What the parties are offering Alberta this federal election

Alberta has some of the most predictable federal election outcomes in the country. While that may exclude it from driving the policy agenda, the province is at the intersection of the debate around climate and energy policy — and it will be heavily affected by what each party has proposed on that topic. 

Alberta will be heavily affected by what each party has proposed on that topic of climate change

Canadian federal party leaders, from left: Conservative Leader Erin O'Toole, New Democrat Leader Jagmeet Singh, and Liberal Leader Justin Trudeau. (The Canadian Press)

Alberta has some of the most predictable federal election outcomes in the country. While that may exclude it from driving the policy agenda, the province is at the intersection of the debate around climate and energy policy — and it will be heavily affected by what each party has proposed on that topic. 

The Conservative platform holds the most specifics for the West, like fiscal transfer changes and funding Calgary's Green Line LRT, while the Liberal and New Democrat plans speak more broadly to themes like energy transition. 

"They're not offering Alberta anything, but they've got a general platform that has differential impacts on Alberta," Duane Bratt, a political scientist at Mount Royal University, said of the parties. 

Conservatives hold 33 out of 34 seats in Alberta. The NDP sits in the lone outlier in Edmonton.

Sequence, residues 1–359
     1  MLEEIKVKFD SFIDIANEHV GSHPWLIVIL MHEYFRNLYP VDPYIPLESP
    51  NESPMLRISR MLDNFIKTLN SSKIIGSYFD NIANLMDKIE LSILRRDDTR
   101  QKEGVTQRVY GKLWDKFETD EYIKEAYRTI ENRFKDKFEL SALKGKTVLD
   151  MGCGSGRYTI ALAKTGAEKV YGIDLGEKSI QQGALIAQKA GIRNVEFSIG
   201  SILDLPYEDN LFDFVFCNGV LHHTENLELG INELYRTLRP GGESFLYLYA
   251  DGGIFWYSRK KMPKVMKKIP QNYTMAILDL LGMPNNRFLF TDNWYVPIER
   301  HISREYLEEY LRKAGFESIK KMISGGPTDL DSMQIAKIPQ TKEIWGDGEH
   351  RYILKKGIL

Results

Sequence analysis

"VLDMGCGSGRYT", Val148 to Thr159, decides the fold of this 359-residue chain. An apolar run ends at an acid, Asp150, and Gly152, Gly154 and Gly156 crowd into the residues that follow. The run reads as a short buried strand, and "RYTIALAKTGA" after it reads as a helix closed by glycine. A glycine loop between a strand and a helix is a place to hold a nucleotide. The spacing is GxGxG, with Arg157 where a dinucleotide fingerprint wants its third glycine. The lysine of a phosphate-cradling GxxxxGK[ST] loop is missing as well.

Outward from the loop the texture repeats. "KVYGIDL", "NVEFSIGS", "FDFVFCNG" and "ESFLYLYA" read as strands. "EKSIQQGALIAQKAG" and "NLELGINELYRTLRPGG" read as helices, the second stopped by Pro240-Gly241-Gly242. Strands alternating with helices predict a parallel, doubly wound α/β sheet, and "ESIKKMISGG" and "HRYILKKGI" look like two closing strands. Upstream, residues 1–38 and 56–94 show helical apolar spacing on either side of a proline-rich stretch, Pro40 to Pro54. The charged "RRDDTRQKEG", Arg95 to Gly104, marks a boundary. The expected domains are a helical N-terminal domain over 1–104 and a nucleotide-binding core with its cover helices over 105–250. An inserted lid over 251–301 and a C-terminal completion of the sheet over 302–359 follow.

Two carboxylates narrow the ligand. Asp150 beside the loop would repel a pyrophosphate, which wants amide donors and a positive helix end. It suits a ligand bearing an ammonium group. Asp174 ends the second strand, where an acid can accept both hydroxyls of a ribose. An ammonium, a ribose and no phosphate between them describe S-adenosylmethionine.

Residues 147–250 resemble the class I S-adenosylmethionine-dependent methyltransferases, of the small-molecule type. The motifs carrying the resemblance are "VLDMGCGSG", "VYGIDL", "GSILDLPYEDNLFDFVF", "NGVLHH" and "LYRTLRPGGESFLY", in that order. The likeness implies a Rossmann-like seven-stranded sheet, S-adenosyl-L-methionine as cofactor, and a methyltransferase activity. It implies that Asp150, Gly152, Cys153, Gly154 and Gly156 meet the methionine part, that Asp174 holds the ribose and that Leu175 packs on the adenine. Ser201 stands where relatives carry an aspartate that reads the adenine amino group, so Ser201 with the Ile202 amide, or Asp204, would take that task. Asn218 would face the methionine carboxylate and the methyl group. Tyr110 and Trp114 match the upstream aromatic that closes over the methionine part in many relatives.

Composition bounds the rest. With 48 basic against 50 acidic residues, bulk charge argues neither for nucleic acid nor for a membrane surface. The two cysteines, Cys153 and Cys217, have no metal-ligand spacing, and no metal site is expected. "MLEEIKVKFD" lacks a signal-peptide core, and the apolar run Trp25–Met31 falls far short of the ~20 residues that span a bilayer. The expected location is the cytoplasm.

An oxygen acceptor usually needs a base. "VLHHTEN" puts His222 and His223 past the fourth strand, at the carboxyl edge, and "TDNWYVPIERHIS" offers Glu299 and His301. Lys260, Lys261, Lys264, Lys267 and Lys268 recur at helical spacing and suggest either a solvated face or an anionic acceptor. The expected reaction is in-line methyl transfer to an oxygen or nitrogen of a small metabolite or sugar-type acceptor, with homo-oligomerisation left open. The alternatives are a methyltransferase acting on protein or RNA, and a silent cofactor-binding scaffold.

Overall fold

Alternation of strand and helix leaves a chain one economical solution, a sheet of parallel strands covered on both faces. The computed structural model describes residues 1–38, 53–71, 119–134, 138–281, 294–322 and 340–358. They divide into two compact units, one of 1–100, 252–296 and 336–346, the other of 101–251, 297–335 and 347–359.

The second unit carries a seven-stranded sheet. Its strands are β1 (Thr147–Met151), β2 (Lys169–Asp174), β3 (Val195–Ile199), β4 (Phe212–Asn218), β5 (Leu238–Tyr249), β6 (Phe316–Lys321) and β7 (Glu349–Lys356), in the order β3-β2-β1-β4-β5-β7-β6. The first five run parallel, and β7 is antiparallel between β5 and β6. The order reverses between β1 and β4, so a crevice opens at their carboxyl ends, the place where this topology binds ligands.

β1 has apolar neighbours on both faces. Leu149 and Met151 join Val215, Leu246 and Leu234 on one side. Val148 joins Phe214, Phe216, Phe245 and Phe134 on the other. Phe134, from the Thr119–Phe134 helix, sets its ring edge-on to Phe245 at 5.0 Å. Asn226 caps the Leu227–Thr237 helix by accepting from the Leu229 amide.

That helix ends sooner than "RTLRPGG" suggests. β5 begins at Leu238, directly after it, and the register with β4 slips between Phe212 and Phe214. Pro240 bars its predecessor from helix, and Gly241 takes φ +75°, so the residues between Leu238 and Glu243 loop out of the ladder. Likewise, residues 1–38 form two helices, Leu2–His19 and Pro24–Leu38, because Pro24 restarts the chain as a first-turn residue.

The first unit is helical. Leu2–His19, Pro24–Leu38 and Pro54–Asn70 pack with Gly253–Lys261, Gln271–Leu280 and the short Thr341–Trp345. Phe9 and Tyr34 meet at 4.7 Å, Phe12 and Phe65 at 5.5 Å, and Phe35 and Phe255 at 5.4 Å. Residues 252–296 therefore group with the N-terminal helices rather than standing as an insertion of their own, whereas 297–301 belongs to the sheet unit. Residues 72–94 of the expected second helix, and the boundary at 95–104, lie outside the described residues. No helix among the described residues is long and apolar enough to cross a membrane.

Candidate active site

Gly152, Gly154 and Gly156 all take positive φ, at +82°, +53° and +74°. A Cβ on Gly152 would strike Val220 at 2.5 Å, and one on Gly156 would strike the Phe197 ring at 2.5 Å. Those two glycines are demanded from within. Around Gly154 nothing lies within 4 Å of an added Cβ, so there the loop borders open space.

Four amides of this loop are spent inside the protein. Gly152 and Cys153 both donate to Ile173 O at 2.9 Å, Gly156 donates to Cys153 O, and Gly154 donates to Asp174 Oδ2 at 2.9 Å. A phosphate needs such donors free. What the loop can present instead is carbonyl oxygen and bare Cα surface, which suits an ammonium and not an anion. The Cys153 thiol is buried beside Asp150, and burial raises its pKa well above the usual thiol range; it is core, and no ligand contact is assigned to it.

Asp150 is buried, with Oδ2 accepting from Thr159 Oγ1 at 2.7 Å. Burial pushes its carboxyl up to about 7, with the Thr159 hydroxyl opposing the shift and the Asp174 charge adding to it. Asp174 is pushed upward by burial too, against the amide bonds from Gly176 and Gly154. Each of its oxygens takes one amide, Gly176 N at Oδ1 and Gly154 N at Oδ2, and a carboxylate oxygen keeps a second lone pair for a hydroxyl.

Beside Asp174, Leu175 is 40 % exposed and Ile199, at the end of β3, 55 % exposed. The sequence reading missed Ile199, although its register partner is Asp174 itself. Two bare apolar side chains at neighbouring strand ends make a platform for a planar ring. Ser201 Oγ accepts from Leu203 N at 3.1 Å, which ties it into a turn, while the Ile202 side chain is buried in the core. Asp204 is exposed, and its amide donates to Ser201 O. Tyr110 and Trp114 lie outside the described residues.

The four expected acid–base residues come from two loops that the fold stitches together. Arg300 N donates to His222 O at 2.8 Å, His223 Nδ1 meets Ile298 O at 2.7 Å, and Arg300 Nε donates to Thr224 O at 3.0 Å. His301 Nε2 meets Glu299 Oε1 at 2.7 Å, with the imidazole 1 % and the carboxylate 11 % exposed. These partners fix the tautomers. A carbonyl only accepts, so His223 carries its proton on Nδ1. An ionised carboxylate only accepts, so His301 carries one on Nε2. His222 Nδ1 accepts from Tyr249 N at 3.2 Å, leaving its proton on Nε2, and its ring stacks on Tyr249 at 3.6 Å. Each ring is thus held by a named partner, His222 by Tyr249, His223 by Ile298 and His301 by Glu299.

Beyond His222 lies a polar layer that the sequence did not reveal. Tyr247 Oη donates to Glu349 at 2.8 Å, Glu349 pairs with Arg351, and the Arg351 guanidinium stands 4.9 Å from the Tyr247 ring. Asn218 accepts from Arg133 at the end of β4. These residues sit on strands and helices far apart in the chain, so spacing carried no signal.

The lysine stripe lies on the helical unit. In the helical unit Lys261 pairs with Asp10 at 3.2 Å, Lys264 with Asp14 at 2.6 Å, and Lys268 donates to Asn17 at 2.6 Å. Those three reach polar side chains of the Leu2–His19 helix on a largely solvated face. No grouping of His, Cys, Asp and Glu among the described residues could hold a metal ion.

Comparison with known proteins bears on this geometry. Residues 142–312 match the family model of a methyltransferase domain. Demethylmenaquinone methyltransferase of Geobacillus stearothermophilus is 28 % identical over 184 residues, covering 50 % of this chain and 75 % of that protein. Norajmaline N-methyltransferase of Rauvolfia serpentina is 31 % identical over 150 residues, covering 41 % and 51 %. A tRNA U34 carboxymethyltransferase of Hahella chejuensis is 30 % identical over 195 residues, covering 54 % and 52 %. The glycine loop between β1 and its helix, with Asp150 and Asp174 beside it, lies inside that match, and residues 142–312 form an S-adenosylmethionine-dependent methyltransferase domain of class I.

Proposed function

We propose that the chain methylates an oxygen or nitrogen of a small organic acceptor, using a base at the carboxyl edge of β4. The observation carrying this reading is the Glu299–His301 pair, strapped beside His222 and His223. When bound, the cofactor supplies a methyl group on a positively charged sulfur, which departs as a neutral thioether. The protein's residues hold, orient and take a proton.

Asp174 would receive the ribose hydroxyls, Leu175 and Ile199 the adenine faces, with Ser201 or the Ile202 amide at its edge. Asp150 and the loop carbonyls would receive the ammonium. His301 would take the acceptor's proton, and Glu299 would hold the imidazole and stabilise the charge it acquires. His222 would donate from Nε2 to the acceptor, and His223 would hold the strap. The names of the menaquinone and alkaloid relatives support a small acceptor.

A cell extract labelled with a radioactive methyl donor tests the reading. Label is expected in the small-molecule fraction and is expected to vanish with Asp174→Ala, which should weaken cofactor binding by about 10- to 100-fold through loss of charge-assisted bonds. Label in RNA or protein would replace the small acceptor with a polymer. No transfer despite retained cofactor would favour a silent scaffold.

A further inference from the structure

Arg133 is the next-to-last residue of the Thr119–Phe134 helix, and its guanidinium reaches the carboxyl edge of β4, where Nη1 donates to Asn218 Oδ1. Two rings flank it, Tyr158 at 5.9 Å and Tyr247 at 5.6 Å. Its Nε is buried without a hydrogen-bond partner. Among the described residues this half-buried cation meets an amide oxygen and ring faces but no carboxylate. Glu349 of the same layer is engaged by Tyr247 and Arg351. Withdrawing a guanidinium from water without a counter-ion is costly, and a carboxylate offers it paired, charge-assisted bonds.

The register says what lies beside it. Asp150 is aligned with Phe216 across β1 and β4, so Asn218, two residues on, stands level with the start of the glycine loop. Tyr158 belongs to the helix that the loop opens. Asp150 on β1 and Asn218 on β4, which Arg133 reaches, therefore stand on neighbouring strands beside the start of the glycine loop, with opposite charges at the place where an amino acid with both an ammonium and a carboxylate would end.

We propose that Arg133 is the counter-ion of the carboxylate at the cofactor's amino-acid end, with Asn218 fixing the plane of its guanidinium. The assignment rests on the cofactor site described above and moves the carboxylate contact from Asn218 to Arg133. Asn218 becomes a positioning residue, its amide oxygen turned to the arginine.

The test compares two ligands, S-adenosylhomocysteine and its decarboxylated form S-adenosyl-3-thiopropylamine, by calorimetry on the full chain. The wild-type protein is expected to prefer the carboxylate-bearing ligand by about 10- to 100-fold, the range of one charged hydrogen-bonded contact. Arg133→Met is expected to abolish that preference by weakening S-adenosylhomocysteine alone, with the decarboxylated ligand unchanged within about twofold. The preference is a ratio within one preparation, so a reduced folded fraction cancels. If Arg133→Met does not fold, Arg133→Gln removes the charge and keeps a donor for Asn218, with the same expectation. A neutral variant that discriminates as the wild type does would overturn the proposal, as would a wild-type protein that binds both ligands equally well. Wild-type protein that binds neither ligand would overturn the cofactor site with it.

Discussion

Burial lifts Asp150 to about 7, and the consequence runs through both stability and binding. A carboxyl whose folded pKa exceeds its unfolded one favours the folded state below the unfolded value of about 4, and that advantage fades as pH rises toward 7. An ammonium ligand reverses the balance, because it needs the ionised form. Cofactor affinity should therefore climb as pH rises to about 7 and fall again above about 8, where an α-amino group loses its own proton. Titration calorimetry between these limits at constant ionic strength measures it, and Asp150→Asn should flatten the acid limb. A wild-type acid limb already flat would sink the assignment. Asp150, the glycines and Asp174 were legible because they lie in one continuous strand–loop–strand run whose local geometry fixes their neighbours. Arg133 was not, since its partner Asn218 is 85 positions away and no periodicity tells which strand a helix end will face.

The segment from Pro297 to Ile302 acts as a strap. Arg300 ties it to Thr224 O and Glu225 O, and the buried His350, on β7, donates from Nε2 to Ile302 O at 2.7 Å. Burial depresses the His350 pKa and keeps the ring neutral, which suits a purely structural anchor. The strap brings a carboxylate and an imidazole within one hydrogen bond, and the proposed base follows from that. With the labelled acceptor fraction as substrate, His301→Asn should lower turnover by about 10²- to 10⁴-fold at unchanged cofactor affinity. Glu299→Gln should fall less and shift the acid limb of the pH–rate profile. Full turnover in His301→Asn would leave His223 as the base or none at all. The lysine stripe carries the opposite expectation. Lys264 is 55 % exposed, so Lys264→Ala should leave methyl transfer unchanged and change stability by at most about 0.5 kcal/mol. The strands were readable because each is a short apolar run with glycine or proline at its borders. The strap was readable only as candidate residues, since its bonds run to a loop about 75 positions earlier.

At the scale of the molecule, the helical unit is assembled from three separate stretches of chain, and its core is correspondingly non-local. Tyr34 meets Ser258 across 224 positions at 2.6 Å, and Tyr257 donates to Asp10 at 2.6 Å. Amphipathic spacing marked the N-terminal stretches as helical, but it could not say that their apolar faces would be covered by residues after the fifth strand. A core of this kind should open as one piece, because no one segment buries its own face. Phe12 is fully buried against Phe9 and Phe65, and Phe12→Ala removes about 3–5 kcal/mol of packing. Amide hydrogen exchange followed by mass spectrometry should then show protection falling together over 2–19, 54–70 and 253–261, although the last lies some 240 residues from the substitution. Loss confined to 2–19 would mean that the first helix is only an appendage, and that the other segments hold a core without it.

Here's a look at some of the policies in the Liberal, Conservative and NDP platforms that have implications for Alberta. 


The Liberals are focusing on transitioning Alberta's energy sector away from non-renewable fuels like oil and gas. The Trudeau government already committed Canada to reaching net-zero emissions by 2050.

The party's platform promises a $2-billion fund for Alberta, Saskatchewan and Newfoundland to help diversify those economies and develop clean energy. If re-elected the Liberals would also move forward with their "Just Transition" pledge to help workers in the energy industry and create a Clean Jobs Training Centre.

Zain Velji, a former federal Liberal campaign strategist and host of The Strategists podcast, said while it's unlikely that strategy will win many seats, it's an attempt to start a conversation. 

"It's really a marker of saying, should we win … that we are the party that has some of those strategies and skills for Alberta, that we will not ignore you, that once we get elected, we will not just leave you behind."